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Passive House - Energy Efficient Buildings

How To Reduce Energy Consumption

How do we reduce the amount of energy we use for heating and cooling our buildings?

Here we look at the concept of Passive House and modified versions of this concept such as Green Building Principles. We also look at Passivhaus and the 5 strategies to reduce energy consumption.

We consider how these ideas are applied in tropical and sub tropical climates when compared to temperate Northern climates.

Passive House

Passive House is a design concept which is applied to house construction in order to dramatically reduce the amount of energy buildings need to keep them comfortable to live in.

The original idea of Passive House is to use natural means to regulate the temperature within a building. Natural means involved the use of a number of strategies including the following:

  • Careful selection of the site for altitude and aspect.
  • Study of the sun's position in the sky at different times of the year.
  • Orientation of the building in the most advantageous direction.
  • Making full use of sunshine to heat the building.
  • Making use of prevailing winds for natural ventilation.
  • Finding ways to expose or shield the building according to the time of year.
  • Use of insulation to prevent heat gain or loss.
  • Design of windows to capture or reflect heat.
  • The use of canopies and/or screens to manage exposure to sunshine and winds.


The original Passive House concept lead to the development of a modified concept known as "Passivhaus" which is managed by the "Passivhaus Institut" based in Darmstadt, Germany. Passivhaus focusses on reducing energy consumption using five design and construction principles.

The "Passivhaus" and its certification processes have, in fact, become an industry in themselves with the creation of a worldwide network of consultants, architects and inspectors who pay to be trained and certified so they can charge fees to advise, design and certify buildings.

Environmentally Responsible Housing

Time is moving on and developments continue with broader based concepts emerging that take holistic approaches to the construction of buildings. These developments not only reduce the energy the building requires to function but also consider the environmental damage caused during building construction, they incorporate strategies that protect and enhance the world’s climate and environment. Such initiatives aim to address issues such as the considerable amount of energy needed to produce and transport cement, steel and other construction materials.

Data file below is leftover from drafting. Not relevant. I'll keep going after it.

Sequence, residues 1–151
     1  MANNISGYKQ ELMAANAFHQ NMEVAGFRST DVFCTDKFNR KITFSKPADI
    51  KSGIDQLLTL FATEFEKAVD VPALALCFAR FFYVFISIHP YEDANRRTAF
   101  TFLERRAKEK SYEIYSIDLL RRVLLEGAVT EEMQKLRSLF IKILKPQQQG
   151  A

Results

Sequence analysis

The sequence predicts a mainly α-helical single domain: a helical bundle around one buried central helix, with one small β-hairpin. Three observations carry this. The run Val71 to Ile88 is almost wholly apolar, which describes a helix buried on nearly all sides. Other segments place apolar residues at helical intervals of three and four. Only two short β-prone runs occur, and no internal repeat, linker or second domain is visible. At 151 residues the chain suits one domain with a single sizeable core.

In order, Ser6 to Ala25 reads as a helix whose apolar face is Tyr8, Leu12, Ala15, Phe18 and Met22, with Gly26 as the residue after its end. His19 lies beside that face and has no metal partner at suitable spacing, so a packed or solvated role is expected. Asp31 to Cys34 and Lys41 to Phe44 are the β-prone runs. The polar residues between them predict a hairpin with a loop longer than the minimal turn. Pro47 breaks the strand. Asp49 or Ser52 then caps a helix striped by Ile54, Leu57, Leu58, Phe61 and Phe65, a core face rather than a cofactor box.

The Green Product Council of Indonesia is typical of a new generation of organisations across the world. It is a non government, non profit based organisation committed to environmental responsibility in building design and construction.

These initiatives are being widely applied across the world and have resulted in the creation of new industries manufacturing specialist products such as construction materials that are less damaging to the environment and energy saving building components such as heat and draft insulating materials for roofs, walls, floors, windows and doors.

Five basic Building Design Principles

Passivhaus principles incorporate five ways of saving energy. The aim is to reduce energy consumption by as much as 90%.

  1. Optimised Building Orientation.
  2. Insulated Envelope.
  3. Airtight Envelope.
  4. Elimination of Thermal Bridges.
  5. Mechanical Ventilation.

1. Optimised Orientation

By considering the track and elevation of the sun, the direction a building faces and the placement of windows and doors has a considerable impact on how much heat from the sun’s rays a building will absorb and how much cooling can be harnessed from prevailing winds. By carefully considering these factors in the building design major energy savings are made.

2. Insulated Envelope

Insulation prevents the passage of heat into or out of a building through roof, walls, floors, windows and doors. Insulation can be added to a building in the form of insulation materials or incorporated by carefully selecting the building materials themselves.